Moments earlier, the tasselled harpoon was embedded deep in a bull’s bulging neck muscles, inflicting palpable torment.
As its razor-sharp barb ripped through flesh and sinew, the half-ton creature had convulsed, then tossed its head violently, this way and that, trying to shake out this glitzy instrument of torture.
But now the brutal pageant is over, and as the crowds make their way from the ring, the colourfully decorated banderilla — still wet with blood — is being offered up as a souvenir.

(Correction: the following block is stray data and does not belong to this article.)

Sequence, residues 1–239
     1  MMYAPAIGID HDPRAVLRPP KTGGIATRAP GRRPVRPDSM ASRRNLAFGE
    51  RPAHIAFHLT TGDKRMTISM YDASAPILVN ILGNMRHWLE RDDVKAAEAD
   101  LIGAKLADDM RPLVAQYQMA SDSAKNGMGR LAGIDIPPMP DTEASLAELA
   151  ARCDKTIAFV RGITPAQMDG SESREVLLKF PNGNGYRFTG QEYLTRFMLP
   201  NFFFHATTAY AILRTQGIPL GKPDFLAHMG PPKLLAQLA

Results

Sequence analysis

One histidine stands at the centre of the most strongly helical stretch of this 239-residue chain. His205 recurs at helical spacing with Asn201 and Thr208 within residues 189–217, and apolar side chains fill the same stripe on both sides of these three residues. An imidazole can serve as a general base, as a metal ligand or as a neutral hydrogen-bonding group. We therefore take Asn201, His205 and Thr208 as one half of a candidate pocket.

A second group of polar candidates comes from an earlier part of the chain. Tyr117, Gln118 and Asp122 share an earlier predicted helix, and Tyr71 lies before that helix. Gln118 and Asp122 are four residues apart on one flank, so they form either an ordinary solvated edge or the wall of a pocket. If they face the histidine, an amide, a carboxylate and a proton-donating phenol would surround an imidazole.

For 12-year-old Jeansin Vilon, who is attending only his second bullfight, the opportunity is not to be missed.
Breaking away from his parents and 15-year-old sister, he leans over the ringside barrier, urges an attendant to hand it to him, then holds it aloft triumphantly, as would an English boy given the shirt of his favourite footballer after a Premier League match.
What will he do with his grisly memento? Why, hang it on his bedroom wall, of course, says the boy, who had earlier sat…